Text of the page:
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      [See larger version]It was hard to convince those who were always losing by him. A remittance of good dividends would have been his best answer, and would have made any other answer needless; but, instead of bills of exchange, he had nothing to give but excuses and explanations. In the autumn of 1680, he wrote to an associate who had demanded the long-deferred profits: "I have had many misfortunes in the last two years. In the autumn of '78, I lost a vessel by the fault of the pilot; in the next summer, the deserters I told you about robbed me of eight or ten [Pg 330] thousand livres' worth of goods. In the autumn of '79, I lost a vessel worth more than ten thousand crowns; in the next spring, five or six rascals stole the value of five or six thousand livres in goods and beaver-skins, at the Illinois, when I was absent. Two other men of mine, carrying furs worth four or five thousand livres, were killed or drowned in the St. Lawrence, and the furs were lost. Another robbed me of three thousand livres in beaver-skins stored at Michilimackinac. This last spring, I lost about seventeen hundred livres' worth of goods by the upsetting of a canoe. Last winter, the fort and buildings at Niagara were burned by the fault of the commander; and in the spring the deserters, who passed that way, seized a part of the property that remained, and escaped to New York. All this does not discourage me in the least, and will only defer for a year or two the returns of profit which you ask for this year. These losses are no more my fault than the loss of the ship 'St. Joseph' was yours. I cannot be everywhere, and cannot help making use of the people of the country."

      * The governor and intendant made frequent appeals to the

      [29] Conduite du Sieur Perrot, Gouverneur de Montral en la Nouvelle France, 1681; Plainte du Sieur Bouthier, 10 Oct., 1680; Procs-verbal des huissiers de Montral. * The Sulpitian seigniors of Montreal claimed the right of

      I hatedI despisedand I destroy!"But the fleet at Sheerness, which sympathised with that at Portsmouth, did not think fit to accept the terms which had satisfied the seamen of Portsmouth. They were incited by a sailor, named Richard Parker, to stand for fresh demands, which were not likely to meet with the sympathy of either sailors or landsmen, being of a political character and including a revision of the Articles of War. On the 20th of May, the ships at the Nore, and others belonging to the North Sea fleet, appointed delegates, and sent in their demands, in imitation of the Portsmouth men. The Admiralty flatly rejected their petition. On the 23rd of May the mutineers hoisted the red flag; and all the ships of war lying near Sheerness dropped down to the Nore. On the 29th, a committee from the Board of Admiralty went down to Sheerness, to try to bring them to reason, but failed. The mutineers then drew their ships in a line across the Thames, cutting off all traffic between the sea and London. On this, the Government proceeded to pull up the buoys at the mouth of the river, to erect batteries along the shores for firing red-hot balls; and a proclamation was issued declaring the fleet in a state of rebellion, and prohibiting all intercourse with it. This soon brought some of the mutineers to their senses. They knew that every class of people was against them. On the 4th of June, the king's birthday, a royal salute was fired from the whole fleet, as a token of loyalty; the red flag was pulled down on every ship but the Sandwich, on board of which was Parker, and all the gay flags usual on such occasions were displayed. Several of the ships now began to drop away from the rest, and put themselves under protection of the guns of Sheerness. On the 13th of June the crew of the Sandwich followed this example, and delivered up the great agitator, Richard Parker, who was tried, and hanged at the yard-arm of that ship on the 30th. Some others of the delegates were executed, and others imprisoned in the hulks; and thus terminated this mutiny, as disgraceful to the sailors as that at Portsmouth was reasonable and honourable.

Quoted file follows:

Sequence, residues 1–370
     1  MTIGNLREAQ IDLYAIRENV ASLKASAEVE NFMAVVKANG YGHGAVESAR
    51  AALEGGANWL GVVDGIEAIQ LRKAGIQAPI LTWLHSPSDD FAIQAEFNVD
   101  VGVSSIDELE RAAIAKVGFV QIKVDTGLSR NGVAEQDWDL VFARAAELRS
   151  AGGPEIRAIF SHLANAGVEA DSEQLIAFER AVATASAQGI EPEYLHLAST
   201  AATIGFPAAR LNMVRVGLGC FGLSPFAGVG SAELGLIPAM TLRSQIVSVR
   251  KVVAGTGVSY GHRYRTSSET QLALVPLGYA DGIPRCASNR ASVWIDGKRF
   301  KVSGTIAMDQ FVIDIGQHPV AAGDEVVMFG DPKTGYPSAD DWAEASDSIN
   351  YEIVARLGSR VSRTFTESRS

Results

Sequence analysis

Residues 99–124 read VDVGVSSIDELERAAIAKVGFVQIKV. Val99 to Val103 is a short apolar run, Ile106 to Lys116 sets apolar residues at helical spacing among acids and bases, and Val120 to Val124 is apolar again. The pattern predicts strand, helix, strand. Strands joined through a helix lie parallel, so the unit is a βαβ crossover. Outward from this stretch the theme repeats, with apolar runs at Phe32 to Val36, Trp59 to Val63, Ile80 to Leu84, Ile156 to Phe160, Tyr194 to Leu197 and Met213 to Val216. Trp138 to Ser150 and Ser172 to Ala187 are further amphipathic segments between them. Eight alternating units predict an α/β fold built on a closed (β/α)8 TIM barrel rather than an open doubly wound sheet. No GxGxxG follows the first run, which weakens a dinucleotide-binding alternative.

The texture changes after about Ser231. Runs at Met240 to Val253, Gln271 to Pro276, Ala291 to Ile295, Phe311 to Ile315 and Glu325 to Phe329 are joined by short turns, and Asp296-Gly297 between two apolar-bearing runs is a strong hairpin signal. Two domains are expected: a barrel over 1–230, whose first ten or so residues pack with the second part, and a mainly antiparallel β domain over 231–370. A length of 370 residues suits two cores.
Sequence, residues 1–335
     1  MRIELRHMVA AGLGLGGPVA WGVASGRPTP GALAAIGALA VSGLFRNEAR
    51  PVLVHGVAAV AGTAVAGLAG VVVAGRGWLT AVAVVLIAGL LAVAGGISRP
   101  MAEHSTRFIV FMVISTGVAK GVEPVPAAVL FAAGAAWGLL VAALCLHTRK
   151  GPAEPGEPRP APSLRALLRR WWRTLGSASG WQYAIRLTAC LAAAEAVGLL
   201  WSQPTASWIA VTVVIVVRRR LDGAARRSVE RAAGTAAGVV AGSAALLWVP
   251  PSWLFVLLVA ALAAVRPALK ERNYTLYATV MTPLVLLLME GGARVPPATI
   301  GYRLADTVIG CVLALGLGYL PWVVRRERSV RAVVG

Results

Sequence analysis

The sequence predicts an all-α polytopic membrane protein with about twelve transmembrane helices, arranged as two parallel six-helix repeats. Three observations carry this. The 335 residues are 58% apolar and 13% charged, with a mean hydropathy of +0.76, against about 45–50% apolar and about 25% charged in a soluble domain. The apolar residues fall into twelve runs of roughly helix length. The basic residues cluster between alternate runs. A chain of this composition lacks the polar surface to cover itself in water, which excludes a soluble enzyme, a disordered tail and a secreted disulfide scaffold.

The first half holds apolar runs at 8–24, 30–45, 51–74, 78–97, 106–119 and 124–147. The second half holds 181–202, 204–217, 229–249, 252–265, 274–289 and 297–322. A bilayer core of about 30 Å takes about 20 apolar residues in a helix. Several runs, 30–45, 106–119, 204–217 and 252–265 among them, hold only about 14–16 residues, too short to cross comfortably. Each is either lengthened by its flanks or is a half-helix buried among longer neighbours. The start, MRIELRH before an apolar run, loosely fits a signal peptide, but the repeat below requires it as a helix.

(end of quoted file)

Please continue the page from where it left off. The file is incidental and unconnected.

Fran?aise, 22ed. 18nt-Vallier, Estat prsent de lEglisecontinual quarrels between the governor and the intendant; insomuch that justice having been administered by cabal and animosity, the inhabitants have hitherto been far from the tranquillity and repose which cannot be found in a place where everybody is compelled to take side with one party or another. *

      Lord Wellington came up with him on the 9th of April, in the meantime having had to get across the rapid Garonne, with all his artillery and stores, in the face of the French batteries. The next morning, the 10th, being Easter Sunday,[76] Wellington attacked Soult in all his positions. These were remarkably strong, most of his troops being posted on well-fortified heights, bristling with cannon, various strongly-built houses being crammed with riflemen; while a network of vineyards and orchards, surrounded by stone walls, and intersected by streams, protected his men, and rendered the coming at them most difficult. The forces on both sides were nearly equal. Soult had about forty-two thousand men, and Wellington, besides his army composed of British, Germans, and Portuguese, had a division of fifteen thousand Spaniards. The difficulties of the situation far out-balanced the excess of about three thousand men on the British side; but every quarter was gallantly attacked and, after a severe conflict, carried. Soult retired into Toulouse, and during the ensuing night he evacuated it, and retreated to Carcassonne. The loss of the Allies in killed was six hundred, and about four thousand wounded. Soult confessed to three thousand two hundred killed and wounded, but we may calculate his total loss at little less than that of the Allies, although his troops had been protected by their stone walls and houses.